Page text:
Why did the author of the Gospel of John change the setting of Jesus driving out the money changers from the Temple from near the end of the gospel (where it is in all the other gospels) to place it near the very beginning of the ministry of Jesus? In those other gospels the episode serves as a plausible reason for the authorities to have Jesus arrested, tried and finally executed. But the Gospel of John has composed the account of the raising of Lazarus from the dead to provoke the religious authorities to capture and eliminate Jesus. The temple episode is shifted to near the beginning of the narrative. Why did the author do that?
Gary Greenberg in a 2018 publication, Proving Jesus’ Authority in Mark and John: Overlooked Evidence of a Synoptic Relationship, proposes an interesting explanation. I will touch on a few of Greenberg’s key points but not attempt a full coverage of his extended and somewhat complex argument. (You may find the complexities count against Greenberg’s interpretation. Maybe, or maybe not: I leave those details aside here.)
In a nutshell, Greenberg suggests that the author of the Gospel of John opposed the Gospel of Mark’s image of Jesus achieving his great authority and fame because of his miracles and wanted to present Jesus astonishing the crowds because of the authority of his teaching, not his powers. In the Gospel of Mark Jesus begins his public career with exorcisms and healing miracles that attract followers to him throughout Galilee. In the Gospel of John Jesus’ first miracle (turning water to wine at the wedding) is a private affair known only to his disciples. The Gospel of John replaces Mark’s public miracles (casting out demons) with the cleansing of the temple (casting out money-changers) in Jerusalem and that action, along with his declaration of authority, becomes known throughout Galilee. In John’s gospel, Jesus denounces belief in him because of the miracles whereas in Mark’s gospel a positive impression is given of the power of miracles to attract people to Jesus.
Let’s start with the first miracle that propelled Jesus to fame according to the Gospel of Mark, generally recognized as the earliest of our canonical gospels. Greenberg’s larger argument is that the author of the Fourth Gospel knows the Gospel of Mark and is rewriting it according to a theological perspective that he (“John”) believes is more appropriate. (I have expressed a similar view in the past largely on the basis that the Gospel of John can be interpreted as a step by step undertaking to turn the Gospel of Mark “inside out”, so to speak. The most prominent example would be the replacing of Mark’s “messianic secret” — the theme that Jesus keeps his messianic identity secret from the general public until the very end — with John’s Jesus who loudly and regularly proclaims to all and sundry his messianic and divine identity.) But we begin with the Gospel of Mark because we see how the first miracles of Jesus there may well help explain why the author of John’s Gospel has replaced them with the Temple cleansing.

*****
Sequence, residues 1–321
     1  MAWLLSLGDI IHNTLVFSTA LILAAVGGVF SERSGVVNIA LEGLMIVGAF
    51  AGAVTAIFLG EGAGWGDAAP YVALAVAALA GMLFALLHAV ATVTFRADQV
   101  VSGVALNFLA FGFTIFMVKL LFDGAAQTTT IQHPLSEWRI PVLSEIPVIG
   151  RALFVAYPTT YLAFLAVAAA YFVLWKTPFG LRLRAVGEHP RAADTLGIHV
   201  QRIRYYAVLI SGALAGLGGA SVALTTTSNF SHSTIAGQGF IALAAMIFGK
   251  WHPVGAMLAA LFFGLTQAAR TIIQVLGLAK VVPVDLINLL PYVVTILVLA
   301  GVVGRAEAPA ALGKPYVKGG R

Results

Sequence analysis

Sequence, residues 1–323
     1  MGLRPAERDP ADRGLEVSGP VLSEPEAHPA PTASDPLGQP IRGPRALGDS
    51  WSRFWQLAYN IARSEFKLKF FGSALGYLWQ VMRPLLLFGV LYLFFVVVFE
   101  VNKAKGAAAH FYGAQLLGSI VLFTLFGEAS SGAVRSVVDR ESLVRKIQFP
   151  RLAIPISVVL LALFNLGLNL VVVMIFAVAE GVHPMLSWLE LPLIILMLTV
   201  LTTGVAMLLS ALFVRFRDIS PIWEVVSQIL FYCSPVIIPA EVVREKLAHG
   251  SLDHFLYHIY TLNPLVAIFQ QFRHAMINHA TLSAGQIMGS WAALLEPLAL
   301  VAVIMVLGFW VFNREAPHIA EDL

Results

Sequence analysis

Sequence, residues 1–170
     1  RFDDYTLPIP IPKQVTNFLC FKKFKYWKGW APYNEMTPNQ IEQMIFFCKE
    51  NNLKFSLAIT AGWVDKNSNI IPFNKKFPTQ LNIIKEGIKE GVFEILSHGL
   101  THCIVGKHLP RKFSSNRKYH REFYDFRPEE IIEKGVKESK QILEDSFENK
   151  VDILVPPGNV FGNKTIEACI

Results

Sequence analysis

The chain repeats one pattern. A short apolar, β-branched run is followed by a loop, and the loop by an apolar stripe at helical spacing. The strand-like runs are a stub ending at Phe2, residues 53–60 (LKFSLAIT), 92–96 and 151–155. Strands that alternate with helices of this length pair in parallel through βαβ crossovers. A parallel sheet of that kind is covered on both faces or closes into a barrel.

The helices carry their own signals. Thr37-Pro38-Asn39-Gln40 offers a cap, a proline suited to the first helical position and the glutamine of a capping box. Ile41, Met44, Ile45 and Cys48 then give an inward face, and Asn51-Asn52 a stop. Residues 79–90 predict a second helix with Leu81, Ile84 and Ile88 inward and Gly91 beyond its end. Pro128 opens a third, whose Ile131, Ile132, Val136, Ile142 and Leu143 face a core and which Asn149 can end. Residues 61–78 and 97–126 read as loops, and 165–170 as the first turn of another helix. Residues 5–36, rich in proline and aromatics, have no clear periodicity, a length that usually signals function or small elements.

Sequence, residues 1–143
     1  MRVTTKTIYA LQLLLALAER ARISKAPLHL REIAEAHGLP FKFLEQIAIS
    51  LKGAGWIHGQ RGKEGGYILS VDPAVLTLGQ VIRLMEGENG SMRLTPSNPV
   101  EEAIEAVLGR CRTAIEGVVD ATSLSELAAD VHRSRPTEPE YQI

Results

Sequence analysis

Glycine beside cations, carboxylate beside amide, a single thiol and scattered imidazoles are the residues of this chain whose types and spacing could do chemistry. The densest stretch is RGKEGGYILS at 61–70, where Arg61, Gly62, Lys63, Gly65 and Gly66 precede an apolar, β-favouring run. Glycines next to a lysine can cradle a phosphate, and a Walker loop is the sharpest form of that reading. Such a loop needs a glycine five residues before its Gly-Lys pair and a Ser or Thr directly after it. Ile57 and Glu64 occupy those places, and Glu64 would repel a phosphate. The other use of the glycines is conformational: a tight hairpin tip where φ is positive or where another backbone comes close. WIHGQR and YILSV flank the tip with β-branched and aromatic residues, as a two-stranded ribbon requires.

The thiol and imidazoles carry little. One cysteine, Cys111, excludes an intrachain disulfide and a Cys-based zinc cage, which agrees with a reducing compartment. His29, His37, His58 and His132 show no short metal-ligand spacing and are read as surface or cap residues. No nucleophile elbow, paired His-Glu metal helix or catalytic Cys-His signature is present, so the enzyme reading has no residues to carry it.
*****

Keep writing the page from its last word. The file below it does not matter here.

Both the Gospel of Mark and the Gospel of John begin with an encounter with John the Baptist. John points to Jesus in both gospels (though in different ways). In Mark Jesus goes on to call two pairs of disciples: Simon (Peter) and his brother Andrew, and then James and John. In the Gospel of John Jesus also calls two pairs of disciples: Peter and Andrew, and then Philip and Nathanael.
In the Gospel of Mark we then read about Jesus entering a synagogue, casting out a demon from one possessed, and thereby astonishing all onlookers at his power and authority.
The people were all so amazed that they asked each other, “What is this? A new teaching—and with authority! He even gives orders to impure spirits and they obey him.” News about him spread quickly over the whole region of Galilee.
From that moment on Jesus’ fame spreads like wildfire. Look at the details of note as set out by Gary Greenberg (with my own bolded highlighting) on page 78:
- . . . At the beginning, we are told that the exorcism happened immediately after Jesus arrived at Capernaum. At the end, we are told that pursuant to this specific act, Jesus’ fame immediately began to spread throughout the Galilee for the first time. The exorcism takes place in between these two frames.
- The story takes place in a Jewish place of worship, the synagogue in Capernaum.
- The demon in this story is an “unclean spirit” that inhabits a human body. “Unclean” is the term used in the story. Although the nature of the infliction is not clearly spelled out, it appears that the body suffered from significant corrupting influences that need to be removed.
- The spirit challenges Jesus’ authority to deal with it. “What have you to do with us?”
- The demon knows who Jesus really is.
- Jesus chased the corrupting influence out of the host body and out of the house of worship.
- The story establishes Jesus’ authority to introduce “a new teaching.”
- It establishes Jesus’ authority over unclean spirits (although it is not clear that this is a special power unique to Jesus.)
- The crowds were amazed.
- Jesus’ reputation in Galilee soared because of this first exorcism.